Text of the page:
Probably the most widely known characteristic of a witch was the ability to cast a spell, "spell" being the word used to signify the means employed to carry out a magical action.
The folk magic used to identify or protect against malicious magic users is often indistinguishable from that used by the witches themselves.
"It is argued here that the medical arts played a significant and sometimes pivotal role in the witchcraft controversies of seventeenth century New England.
Christian views in the modern day are diverse and cover the gamut of views from intense belief and opposition (especially from Christian fundamentalists) to non-belief, and in some churches even approval.
From the mid-20th century, witchcraft – sometimes called contemporary witchcraft to clearly distinguish it from older beliefs – became the name of a branch of modern paganism.
One popular belief is that it is "related to the English words wit, wise, wisdom [Germanic root *weit-, *wait-, *wit-; Indo-European root *weid-, *woid-, *wid-]," so "craft of the wise." In anthropological terminology, witches differ from sorcerers in that they don't use physical tools or actions to curse; their maleficium is perceived as extending from some intangible inner quality, and one may be unaware of being a witch, or may have been convinced of his/her nature by the suggestion of others.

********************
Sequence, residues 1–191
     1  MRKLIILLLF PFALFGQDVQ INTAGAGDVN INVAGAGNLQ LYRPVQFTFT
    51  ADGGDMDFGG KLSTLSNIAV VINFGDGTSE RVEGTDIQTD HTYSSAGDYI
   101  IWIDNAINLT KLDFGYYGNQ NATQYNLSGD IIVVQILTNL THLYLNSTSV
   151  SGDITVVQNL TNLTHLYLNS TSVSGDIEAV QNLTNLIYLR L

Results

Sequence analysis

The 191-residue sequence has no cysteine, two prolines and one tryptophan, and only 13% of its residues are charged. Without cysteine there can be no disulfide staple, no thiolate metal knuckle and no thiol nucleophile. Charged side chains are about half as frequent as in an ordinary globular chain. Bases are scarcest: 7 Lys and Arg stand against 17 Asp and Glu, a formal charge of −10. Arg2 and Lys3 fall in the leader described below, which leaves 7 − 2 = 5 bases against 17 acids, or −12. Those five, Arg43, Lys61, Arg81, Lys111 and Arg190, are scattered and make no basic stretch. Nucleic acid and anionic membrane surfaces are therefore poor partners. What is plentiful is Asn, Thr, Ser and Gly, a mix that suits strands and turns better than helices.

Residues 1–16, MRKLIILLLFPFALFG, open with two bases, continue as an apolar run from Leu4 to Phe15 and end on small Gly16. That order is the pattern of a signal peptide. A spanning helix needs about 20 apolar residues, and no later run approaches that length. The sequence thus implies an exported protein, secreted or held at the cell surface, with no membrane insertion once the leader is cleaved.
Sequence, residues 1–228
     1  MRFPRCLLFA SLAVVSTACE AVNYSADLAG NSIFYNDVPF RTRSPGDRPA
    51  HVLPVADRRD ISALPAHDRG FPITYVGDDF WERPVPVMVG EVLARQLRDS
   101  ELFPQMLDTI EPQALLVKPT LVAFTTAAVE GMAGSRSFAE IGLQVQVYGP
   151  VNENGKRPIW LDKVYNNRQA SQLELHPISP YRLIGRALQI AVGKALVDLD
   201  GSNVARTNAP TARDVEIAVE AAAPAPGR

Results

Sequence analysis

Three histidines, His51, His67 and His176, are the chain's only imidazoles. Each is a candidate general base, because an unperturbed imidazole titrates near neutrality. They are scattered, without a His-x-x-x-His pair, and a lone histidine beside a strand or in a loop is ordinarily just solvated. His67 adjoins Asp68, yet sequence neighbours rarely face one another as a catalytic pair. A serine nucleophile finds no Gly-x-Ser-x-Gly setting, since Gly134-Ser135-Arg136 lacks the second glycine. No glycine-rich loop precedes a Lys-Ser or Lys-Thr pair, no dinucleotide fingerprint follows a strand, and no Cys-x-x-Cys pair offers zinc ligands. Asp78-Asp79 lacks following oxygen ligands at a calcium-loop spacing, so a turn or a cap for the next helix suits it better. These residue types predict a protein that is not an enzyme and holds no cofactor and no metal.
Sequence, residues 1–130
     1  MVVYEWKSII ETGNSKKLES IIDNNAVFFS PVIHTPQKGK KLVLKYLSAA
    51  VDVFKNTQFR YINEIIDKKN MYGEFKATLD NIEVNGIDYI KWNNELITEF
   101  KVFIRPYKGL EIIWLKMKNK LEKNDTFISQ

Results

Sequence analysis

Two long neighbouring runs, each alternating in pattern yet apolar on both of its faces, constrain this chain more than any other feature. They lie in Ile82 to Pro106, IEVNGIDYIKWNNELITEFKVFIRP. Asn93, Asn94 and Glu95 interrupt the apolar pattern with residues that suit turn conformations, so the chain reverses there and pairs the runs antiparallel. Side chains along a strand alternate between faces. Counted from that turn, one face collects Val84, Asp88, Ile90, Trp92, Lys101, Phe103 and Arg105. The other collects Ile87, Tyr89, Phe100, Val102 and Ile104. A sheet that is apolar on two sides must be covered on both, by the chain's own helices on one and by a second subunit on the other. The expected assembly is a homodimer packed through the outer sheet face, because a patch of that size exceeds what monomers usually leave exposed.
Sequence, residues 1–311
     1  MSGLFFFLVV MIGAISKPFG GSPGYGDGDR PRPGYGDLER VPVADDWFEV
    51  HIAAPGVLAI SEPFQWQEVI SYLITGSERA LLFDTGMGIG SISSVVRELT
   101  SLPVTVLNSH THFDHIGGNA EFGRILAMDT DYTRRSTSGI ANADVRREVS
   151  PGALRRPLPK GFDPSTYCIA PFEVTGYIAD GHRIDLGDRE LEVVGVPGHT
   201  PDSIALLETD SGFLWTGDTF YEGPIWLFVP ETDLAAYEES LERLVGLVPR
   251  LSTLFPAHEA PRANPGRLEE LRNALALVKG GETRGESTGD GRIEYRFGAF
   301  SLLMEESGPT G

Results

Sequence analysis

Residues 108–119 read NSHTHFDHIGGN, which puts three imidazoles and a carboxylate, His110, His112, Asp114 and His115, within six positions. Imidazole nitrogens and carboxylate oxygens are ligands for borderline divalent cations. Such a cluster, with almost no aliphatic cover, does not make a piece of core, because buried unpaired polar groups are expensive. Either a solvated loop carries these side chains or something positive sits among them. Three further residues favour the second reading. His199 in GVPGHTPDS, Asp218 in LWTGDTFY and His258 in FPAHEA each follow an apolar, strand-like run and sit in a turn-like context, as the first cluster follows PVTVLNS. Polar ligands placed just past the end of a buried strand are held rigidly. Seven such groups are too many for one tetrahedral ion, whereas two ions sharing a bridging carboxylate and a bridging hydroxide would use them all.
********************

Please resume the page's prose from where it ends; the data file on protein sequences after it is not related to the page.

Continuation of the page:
Historians of European witchcraft have found the anthropological definition difficult to apply to European and British witchcraft, where witches could equally use (or be accused of using) physical techniques, as well as some who really had attempted to cause harm by thought alone.
Many cultures worldwide continue to have widespread practices and cultural beliefs that are loosely translated into English as "witchcraft", although the English translation masks a very great diversity in their forms, magical beliefs, practices, and place in their societies.
During the Age of Colonialism, many cultures across the globe were exposed to the modern Western world via colonialism, usually accompanied and often preceded by intensive Christian missionary activity (see "Christianization").
Beliefs related to witchcraft and magic in these cultures were at times influenced by the prevailing Western concepts.
Witch hunts, scapegoating, and killing or shunning of suspected witches still occurs in the modern era, with killings both of victims for their supposedly magical body parts, and of suspected witchcraft practitioners.
The concept of a magic-worker influencing another person's body or property against their will was clearly present in many cultures, as traditions in both folk magic and religious magic have the purpose of countering malicious magic or identifying malicious magic users.